Here I am happily breastfeeding my son, pinning nummies and crochet patterns and humorous memes galore when I am stopped dead in my tracks by this ugliness and I just had to write.
Puke. Puke, puke, puke.
I'm often criticized for not using Santa in our home, but this is one of the myriad reasons we don't. "You're taking all the magic out of your son's childhood," I am told. This is magic, huh? Wow. We have some very different ideas about the meaning of that word or the meaning of the holiday in sum.
What is magical about focusing on the sometimes unseemly behavior kids exhibit, which we ALL exhibit from time to time, but which we, as adults, can control, whereas our kids have yet to develop that ability? What's so magical about threatening them with punishment, which, if you're being honest, is an empty threat anyway, since, c'mon, you're not going to take Christmas away from your kid?
I was watching Jessie with my son the other day. It was a Christmas episode. In it, one of the children learns about Santa for the first time and is, understandably, appalled and terrified. It went a little something like this:
Zuri: "He watches every child all the time. He knows when you've been sleeping. He knows when you're awake."
Ravi: "A fat man is constantly spying on us? Is it just me or is that really creepy?"
Zuri: "No, it's great! Because if you're good, Santa will bring you toys."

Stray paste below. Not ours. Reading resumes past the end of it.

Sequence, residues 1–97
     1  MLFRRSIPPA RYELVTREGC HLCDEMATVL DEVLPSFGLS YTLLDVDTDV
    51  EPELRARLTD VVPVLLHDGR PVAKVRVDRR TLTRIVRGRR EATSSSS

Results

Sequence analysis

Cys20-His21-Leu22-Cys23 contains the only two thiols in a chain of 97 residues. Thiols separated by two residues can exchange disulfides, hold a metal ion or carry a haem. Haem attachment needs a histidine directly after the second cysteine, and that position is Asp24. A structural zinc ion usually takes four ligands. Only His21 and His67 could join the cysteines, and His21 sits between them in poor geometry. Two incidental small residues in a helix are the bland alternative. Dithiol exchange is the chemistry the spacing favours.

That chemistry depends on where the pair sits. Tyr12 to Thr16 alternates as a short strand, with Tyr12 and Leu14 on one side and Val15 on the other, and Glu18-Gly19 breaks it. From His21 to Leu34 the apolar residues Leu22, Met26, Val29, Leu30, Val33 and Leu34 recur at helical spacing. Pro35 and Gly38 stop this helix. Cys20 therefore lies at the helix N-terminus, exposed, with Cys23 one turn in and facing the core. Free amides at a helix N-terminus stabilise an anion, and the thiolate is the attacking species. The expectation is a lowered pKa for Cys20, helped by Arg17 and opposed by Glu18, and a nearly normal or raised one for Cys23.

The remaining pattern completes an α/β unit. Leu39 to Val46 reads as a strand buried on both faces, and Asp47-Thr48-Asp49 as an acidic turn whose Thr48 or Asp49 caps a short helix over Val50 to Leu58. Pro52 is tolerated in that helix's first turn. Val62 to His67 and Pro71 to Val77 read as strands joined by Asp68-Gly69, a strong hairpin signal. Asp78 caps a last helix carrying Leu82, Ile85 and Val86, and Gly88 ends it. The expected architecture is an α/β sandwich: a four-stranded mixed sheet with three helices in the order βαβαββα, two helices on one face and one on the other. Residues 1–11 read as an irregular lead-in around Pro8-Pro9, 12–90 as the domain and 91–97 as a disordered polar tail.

Ravi: "But, what if you are bad?"
Zuri: "Don't be."
Jessie: "Ravi, why do you look so scared?"
Ravi: "Because Zuri told me a horrible tale about this fat, judgmental gnome, a corpulent voyeur obsessed with children and their naughtiness!"
Ravi: "Please do not provoke Santa's peevish henchman."
Elf: "Get lost, before I convince a certain someone to put these kids on the naughty list!"
I knew there was a reason Ravi was my favorite. He's not wrong.
This horrible Elven citation above spells out exactly what I don't like about the Santa myth. I can't imagine St. Nicholas would've approved of such a bastardization of his legacy.
Say it with me: our kids are good. They are. We may not always like the way they behave sometimes, but I bet they can say the same for us (and probably more often than we'd be comfortable admitting). The behavior is not the person.
So, cashier at the grocery store, don't ask my son if he's a good boy, because we'll both look at you like you've lost your mind and, depending on my mood, you may get a little schooling on the matter. So, parents down the road, please stop using Santa in attempt to control your child's actions. So, you infamous Elf on the Shelf, unless you're doing things that the kids themselves would consider fun without any hint of spying and reporting back to the judge and jury wearing a red suit and beard, sit your butt down and shut up. These are not my ideas of Christmas and if that means I'm ruining the "magic," so be it.